• ARMYWORMS or below ground level. This feeding can damage the growing point and cause plants to be bent, twistedFall Armyworm or stunted and sometimes die. Billbug incidence is The fall armyworm grows often associated with nutsedge. Consider spraying up to 1.5 inches long and for billbug if stand loss during seedling stages appears greenish-brown in exceeds 5%. color with an inverted white “Y” on its head. It chews CEREAL LEAF BEETLE ragged holes in the leaves The adult is a 0.2 inch long, hard-shelled beetle and usually concentrates in with metallic blue-black head and wing covers, and the whorl of young plants. reddish- orange legs and thorax. Feeding on corn isThe fall armyworm also feeds on the tassel and bores rare and usually limited to field borders. Though theinto developing ears. Early detection is critical since beetle eats completely through the leaf between thethis pest feeds in protected areas of the plant. It lays veins, plants normally outgrow the injury and rescueround, gray eggs in clusters of 50 or more, which applications are not necessary. Generally infestationsare usually covered with scales. Eggs hatch in 3 to are limited to Michigan, Indiana, and eastward.5 days and larvae migrate to the whorl and adjacentplants. Consider using a rescue application if eggs CHINCH BUGare present on at least 5% of plants or whorl injury The adult is 0.25 inchis detected on 25% or more plants. Because larvae long, and is red and blackfeed deep in the whorl of young plants, control with with white wing covers.insecticides can be difficult. When crushed, this bug(2) True Armyworm emits a distinct odor. It migrates from grasses The true armyworm is and maturing small grains, greenish-gray with orange attacks field borders first or pinkish lines along the and is most destructive body. “Armies” migrate during dry years. The from maturing small grains young nymph (juvenile stage) is bright red, but or grass at night. They turns black as it develops. Chinch bugs cluster in devour foliage, sometimes groups behind the sheath of lower leaves, sucking leaving only leaf midveins, 5364223 plant juices and causing wilting and eventual plantand chew silks. Infestations are more frequent in no-till death. Management may be necessary if 10 or moreor reduced tillage systems and the true armyworm chinch bugs are found on more than 50% of plants.is usually only an occasional pest in rotated corn. Insecticide applications may be limited to only theConsider an insecticide application if 35% or more infested area.plants in the field are infested.BILLBUG COMMON STALK BORER This purplish-brown This black or gray hard- larva may reach 2 inches shelled snout beetle is in length. It has white active only at night. Leaves longitudinal stripes with are punctured while still a distinct purple saddle rolled in the whorl. When near the middle of the they unfurl, irregular rows body. It tends to move of holes appear across the out of weedy or grassy leaves. The billbug also field borders and attack UGA1234011 chews into plant stems at 32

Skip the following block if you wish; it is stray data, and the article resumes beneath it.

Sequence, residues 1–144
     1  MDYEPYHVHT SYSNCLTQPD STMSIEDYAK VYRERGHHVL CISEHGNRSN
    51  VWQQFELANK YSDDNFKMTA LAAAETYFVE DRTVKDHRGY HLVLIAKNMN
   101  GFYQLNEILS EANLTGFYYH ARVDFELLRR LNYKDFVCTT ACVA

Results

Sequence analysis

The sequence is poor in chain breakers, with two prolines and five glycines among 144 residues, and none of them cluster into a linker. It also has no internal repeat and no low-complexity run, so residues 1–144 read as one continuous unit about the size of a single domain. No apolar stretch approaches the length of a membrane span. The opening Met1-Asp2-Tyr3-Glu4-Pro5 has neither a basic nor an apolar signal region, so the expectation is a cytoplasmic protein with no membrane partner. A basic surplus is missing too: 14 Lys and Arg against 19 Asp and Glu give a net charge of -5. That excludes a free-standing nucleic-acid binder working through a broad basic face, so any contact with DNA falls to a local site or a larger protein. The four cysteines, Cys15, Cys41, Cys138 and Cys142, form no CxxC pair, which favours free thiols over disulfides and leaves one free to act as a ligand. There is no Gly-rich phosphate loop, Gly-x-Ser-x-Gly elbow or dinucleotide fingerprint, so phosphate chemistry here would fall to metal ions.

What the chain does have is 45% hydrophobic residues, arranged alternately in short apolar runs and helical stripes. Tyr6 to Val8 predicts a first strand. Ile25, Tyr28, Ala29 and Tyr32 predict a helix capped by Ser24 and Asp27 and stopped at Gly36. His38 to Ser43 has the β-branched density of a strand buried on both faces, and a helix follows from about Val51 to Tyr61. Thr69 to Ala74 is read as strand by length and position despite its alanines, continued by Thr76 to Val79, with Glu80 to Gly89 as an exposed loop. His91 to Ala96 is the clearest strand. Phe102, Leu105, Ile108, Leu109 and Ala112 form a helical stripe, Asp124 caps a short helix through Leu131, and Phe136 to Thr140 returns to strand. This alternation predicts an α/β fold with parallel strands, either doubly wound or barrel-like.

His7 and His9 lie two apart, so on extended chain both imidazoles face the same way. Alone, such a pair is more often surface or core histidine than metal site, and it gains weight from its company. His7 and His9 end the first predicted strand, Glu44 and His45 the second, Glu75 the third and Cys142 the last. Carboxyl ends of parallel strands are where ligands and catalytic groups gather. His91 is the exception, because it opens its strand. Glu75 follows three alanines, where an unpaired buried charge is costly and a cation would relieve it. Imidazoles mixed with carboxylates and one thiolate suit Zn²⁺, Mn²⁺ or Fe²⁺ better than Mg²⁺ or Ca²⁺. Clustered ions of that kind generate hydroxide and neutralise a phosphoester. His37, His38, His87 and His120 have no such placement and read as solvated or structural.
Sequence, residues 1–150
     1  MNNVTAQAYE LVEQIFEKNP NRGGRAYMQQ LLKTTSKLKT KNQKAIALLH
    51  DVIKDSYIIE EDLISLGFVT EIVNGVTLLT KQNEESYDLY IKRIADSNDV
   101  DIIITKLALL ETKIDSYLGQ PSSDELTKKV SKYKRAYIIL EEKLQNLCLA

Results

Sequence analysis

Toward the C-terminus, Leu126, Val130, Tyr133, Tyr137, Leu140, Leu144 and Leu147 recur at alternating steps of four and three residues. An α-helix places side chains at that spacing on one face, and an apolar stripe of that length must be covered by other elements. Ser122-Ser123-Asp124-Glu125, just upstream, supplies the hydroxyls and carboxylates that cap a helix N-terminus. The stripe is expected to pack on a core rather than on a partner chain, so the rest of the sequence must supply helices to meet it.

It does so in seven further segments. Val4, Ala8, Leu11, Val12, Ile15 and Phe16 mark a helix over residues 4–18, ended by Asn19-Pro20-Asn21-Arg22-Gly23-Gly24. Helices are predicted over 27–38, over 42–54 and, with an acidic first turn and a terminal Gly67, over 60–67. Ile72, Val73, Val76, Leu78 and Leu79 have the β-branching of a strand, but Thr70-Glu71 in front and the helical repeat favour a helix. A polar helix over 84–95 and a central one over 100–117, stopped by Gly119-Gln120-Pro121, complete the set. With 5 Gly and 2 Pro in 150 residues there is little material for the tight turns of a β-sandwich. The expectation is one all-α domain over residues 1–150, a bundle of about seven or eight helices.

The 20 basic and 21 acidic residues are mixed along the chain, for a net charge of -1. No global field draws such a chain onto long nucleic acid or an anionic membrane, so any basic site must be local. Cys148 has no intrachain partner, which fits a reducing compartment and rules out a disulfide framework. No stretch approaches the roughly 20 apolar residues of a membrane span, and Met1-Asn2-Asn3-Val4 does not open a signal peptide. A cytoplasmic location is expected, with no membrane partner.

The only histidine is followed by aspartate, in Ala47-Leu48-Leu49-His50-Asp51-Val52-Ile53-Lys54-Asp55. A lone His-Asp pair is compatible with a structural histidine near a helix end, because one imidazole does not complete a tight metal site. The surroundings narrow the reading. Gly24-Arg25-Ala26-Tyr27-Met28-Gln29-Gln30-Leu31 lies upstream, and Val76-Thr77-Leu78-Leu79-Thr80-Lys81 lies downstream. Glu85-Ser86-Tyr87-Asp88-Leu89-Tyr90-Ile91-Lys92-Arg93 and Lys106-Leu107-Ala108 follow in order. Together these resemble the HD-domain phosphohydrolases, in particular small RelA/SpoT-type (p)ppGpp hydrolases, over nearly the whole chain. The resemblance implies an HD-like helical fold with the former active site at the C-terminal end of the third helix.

• corn on field edges (or throughout no-till fields). The instars tunnel in the stalk.larva tunnels into stalks or whorls. Infestation of The second generationplants at the 4-7 leaf stage can lead to dead heart. larvae feed on developingWhorl feeding results in leaves that have a ragged ear tissue, bore intoappearance with injury appearing as a series of holes the shank and ear, andacross the leaf. Timing insecticide applications prior tunnel in the stalk belowto borer tunneling is critical. Consider treating if 10% the ear zone. In the fall,of V2 plants, 15% of V4 plants, or 30% of V6 plants overwintering larvae migrateshow symptoms. to the base of the stalk and prepare overwinteringCORN BORER tunnels in the stalk below soil level. These larvae girdle the plants near the soil level, resulting in severe(1) European Corn Borer stalk lodging. Treatment may be necessary for first This larvae varies in shades generation populations when greater than 35% of of tannish-gray and ranges plants hold larvae or show symptoms. Insecticide in size from less than 0.5 applications for both first and second generations to 1.0 inch long. There are must be applied before they begin tunneling. Consider a rescue treatment for second generation if eggs or young larvae are found on 20 to 25% of plants. CORN EARWORM This larva varies in color from green, yellow, brown to pink, but all have atwo or more generations yellow-brown head andper season. Larvae of reach full size at about 1.5the first generation feed inches. Since the insect ison leaves before they cannibalistic, two or moreburrow into the stalk. This feeding causes broken full-size larvaemidribs and creates a “shot hole” appearance as are seldomleaves grow out of the whorl. Consider treating first found together.generation populations if the moth flight has alreadypeaked and 5% or more of plants have shot holefeeding. Second generation larvae feed on and bore They may feed oninto stalks, tassels, ear shanks, and ear tips causing leaves in the whorl,top breakage, ear drop (with husk attached), stalk on the tassel orlodging, and kernel damage. Treatment for second on silks, but thegeneration larvae may be necessary if more than preferred feeding10% of plants have fresh or hatched egg masses, site is ear tips andor young larvae in the leaf axils. Timing insecticide on developingapplications prior to insect tunneling is critical. kernels. Moreover,(2) Southwestern Corn Borer ear injury often leads to ear molds and rots. The window for effective treatment is the few days afterThis larvae is white or cream-colored and 0.5 to 1.0 eggs are laid and before larvae tunnel into the silkinch long. It has distinct black spots except on the channel.overwintering form. Two generations feed on corn.The first feeds on leaves and creates a “shot hole”effect or “dead heart” in very young plants. Later33 Corn Diagnostic Guide